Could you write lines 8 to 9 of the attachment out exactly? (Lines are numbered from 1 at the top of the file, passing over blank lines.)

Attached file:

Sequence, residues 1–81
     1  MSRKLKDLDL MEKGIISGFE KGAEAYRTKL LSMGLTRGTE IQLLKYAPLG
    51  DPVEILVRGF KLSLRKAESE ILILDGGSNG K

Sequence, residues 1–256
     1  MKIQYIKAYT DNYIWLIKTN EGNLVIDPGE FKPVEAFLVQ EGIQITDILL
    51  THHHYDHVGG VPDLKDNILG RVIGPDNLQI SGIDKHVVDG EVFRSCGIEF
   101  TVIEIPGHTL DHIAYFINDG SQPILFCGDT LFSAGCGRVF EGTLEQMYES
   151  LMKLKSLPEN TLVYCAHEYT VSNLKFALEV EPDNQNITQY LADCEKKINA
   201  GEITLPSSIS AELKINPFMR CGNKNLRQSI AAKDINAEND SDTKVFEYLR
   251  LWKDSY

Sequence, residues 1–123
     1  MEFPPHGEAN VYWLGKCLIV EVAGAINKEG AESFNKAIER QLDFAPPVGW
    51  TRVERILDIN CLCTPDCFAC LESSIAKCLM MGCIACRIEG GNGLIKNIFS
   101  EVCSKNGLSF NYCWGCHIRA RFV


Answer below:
   151  LMKLKSLPEN TLVYCAHEYT VSNLKFALEV EPDNQNITQY LADCEKKINA
   201  GEITLPSSIS AELKINPFMR CGNKNLRQSI AAKDINAEND SDTKVFEYLR